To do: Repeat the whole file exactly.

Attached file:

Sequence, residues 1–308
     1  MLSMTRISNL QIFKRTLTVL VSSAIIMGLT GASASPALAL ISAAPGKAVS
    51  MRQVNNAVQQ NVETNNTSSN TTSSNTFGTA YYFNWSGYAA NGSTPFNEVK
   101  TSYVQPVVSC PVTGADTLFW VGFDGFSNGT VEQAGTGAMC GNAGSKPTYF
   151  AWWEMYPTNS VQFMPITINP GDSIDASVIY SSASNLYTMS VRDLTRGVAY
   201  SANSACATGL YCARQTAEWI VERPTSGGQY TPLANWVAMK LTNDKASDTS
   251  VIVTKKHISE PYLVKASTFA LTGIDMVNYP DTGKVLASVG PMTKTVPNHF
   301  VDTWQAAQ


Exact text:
Sequence, residues 1–308
     1  MLSMTRISNL QIFKRTLTVL VSSAIIMGLT GASASPALAL ISAAPGKAVS
    51  MRQVNNAVQQ NVETNNTSSN TTSSNTFGTA YYFNWSGYAA NGSTPFNEVK
   101  TSYVQPVVSC PVTGADTLFW VGFDGFSNGT VEQAGTGAMC GNAGSKPTYF
   151  AWWEMYPTNS VQFMPITINP GDSIDASVIY SSASNLYTMS VRDLTRGVAY
   201  SANSACATGL YCARQTAEWI VERPTSGGQY TPLANWVAMK LTNDKASDTS
   251  VIVTKKHISE PYLVKASTFA LTGIDMVNYP DTGKVLASVG PMTKTVPNHF
   301  VDTWQAAQ